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Chapter 5: Neolithic 3 Hama (Pages 304-305)

Pre-History and Archaeology Glossary

Excerpts and Definitions and Addendums:

The River Orontes is deeply incised into the Syrian plateau at Hama. The ancient mound lies on a terrace in the valley beside the river in the heart of the modern town. The site was excavated from 1932 to 1933 but only the upper levels were cleared to any extent. A Roman cistern was cleaned out and below this a sounding was dug to the sterile subsoil. The sounding took the form of a circular shaft 1.5 metres in diameter which enabled the excavators to ascertain the stratigraphic sequence but was too narrow for much to be learned about the nature of the earlier settlements.

This deep sounding -- G 11 X -- was sunk in the northern sector of the mound near the river. It was found that the earliest settlement of Period M was established on the natural subsoil and that the deposit was 6 metres deep. Such a considerable accumulation of debris suggests that the settlement was substantial but we do not know of course how extensive it was. Some of the layers were ashy and others pebbly. These were presumably the remains of occupation debris and floors. There was also a little painted plaster from buildings, the only indication of substantial structures.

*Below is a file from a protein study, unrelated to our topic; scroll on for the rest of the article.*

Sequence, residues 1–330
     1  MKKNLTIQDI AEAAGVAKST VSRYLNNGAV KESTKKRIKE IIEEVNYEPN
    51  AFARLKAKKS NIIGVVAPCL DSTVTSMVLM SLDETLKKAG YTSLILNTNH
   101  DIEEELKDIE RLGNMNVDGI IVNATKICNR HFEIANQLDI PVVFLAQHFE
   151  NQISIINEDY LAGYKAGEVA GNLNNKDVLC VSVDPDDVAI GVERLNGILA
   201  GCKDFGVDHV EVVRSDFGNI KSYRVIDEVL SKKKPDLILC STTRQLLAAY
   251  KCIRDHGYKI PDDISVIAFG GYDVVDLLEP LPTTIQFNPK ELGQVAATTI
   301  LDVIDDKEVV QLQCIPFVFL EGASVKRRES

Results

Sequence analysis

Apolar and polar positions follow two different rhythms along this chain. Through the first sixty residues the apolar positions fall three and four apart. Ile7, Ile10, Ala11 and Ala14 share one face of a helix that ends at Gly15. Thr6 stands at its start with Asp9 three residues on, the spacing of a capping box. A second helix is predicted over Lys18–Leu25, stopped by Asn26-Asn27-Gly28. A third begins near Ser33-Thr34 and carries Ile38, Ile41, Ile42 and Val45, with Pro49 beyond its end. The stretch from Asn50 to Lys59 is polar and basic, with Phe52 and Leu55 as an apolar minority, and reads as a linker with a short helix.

The finds were meagre simply because the sounding was so small. Pottery of two sorts was found throughout Period M. One was a thick coarse ware and the other a finer ware which had been coloured red or black and burnished; some of these sherds were also incised. The only other finds reported were flint and obsidian blades.

The layers of Period M were stratified beneath those of Period L which contained Halaf pottery. Its position in the stratigraphic sequence and the nature of the pottery indicate that the settlement of Period M was occupied in Neolithic 3 and can be equated with Ras Shamra VB and VA

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